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‘I am Not a Sex Worker’ – Women On Safety and Health

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Women raise their hands at the National Conference on Occupational Safety and Health for Entertainment workers yesterday. KT/Chor Sokunthea

I am a massage worker, I am not a sex worker,” Seth Sreylorn, 33, an employee at Alaska massage center in Siem Reap province, said to more than 100 entertainment workers who participated yesterday in the National Conference on Occupational Safety and Health for Entertainment workers.
 
The conference was held to mark World Day for Safety and Health at Work.
 
Ms. Sreylorn does not dare to tell her neighbors about her real work; she says she works preparing rooms and that she is a massage worker.
 
“When I told them about my real job, they did not think about it, besides raising questions to me, saying that a massage worker is a sex worker. I asked them why they looked down on me like this. Massage work is not sexual work and it is not bad work,” Ms. Sreylorn said.
 
Ms. Sreylorn said she does not care what others think of her work. She respects her job and does it to support her family. Her reason for speaking out is that she wants to reach those who discriminate against entertainment workers in order to change their perceptions.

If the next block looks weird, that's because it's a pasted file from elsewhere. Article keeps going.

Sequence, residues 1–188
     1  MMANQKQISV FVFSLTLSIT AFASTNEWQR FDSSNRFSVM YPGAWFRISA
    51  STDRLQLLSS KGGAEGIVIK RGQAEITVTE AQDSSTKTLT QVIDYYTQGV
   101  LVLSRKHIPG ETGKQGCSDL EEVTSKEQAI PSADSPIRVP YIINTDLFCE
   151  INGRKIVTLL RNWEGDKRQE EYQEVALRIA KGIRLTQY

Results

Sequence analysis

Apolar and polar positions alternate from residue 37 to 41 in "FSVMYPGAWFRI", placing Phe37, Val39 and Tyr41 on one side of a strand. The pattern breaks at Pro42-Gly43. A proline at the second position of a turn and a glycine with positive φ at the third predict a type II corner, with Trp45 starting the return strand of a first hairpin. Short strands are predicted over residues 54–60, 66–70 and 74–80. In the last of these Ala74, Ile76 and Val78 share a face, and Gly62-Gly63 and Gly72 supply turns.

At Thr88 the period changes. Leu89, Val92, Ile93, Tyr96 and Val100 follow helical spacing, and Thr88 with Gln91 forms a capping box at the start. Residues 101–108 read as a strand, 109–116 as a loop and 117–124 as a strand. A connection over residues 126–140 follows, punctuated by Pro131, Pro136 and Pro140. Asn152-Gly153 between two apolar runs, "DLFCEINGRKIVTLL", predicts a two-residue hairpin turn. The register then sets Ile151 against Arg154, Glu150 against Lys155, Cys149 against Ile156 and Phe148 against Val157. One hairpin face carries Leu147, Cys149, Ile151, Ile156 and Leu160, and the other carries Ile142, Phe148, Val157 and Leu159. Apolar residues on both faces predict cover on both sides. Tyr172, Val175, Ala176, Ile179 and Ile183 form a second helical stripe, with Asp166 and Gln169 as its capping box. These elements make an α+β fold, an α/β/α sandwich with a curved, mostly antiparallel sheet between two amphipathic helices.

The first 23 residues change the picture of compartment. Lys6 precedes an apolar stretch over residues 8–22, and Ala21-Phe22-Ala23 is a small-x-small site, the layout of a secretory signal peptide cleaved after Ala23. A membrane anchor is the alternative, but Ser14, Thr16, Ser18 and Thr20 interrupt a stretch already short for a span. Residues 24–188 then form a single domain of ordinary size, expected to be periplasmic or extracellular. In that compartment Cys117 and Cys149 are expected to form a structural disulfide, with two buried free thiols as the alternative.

Srey Khouch, 20, a karaoke girl in Phnom Penh, said yesterday that some clients do not respect her or her value her as a woman. They force her to drink and sometimes sexually abuse her.
 
“When they drink, they often try to touch my body or kiss me, but this is my work and I often face it,” she said.
 
Ms. Khouch does not want to work in a karaoke bar forever – her dream is to own a hair salon.
 
Sar Mora, president of the Cambodian Food and Service Workers’ Federation (CFSWF), said yesterday that the issue of health and safety in the workplace for entertainment workers is a majorly important issue, especially for workers in night clubs, restaurants, karaoke bars and those who promote beer, among other occupations.
 
“They still face a lot of issues such as being forced to drink alcohol, sexual abuse and also violence in their workplace. We see they work in bad environments that seriously affect their health and safety,” Mr. Mora said.
 
“We all have to remember that we sell only our energy for work, but do not sell our health and our lives.”

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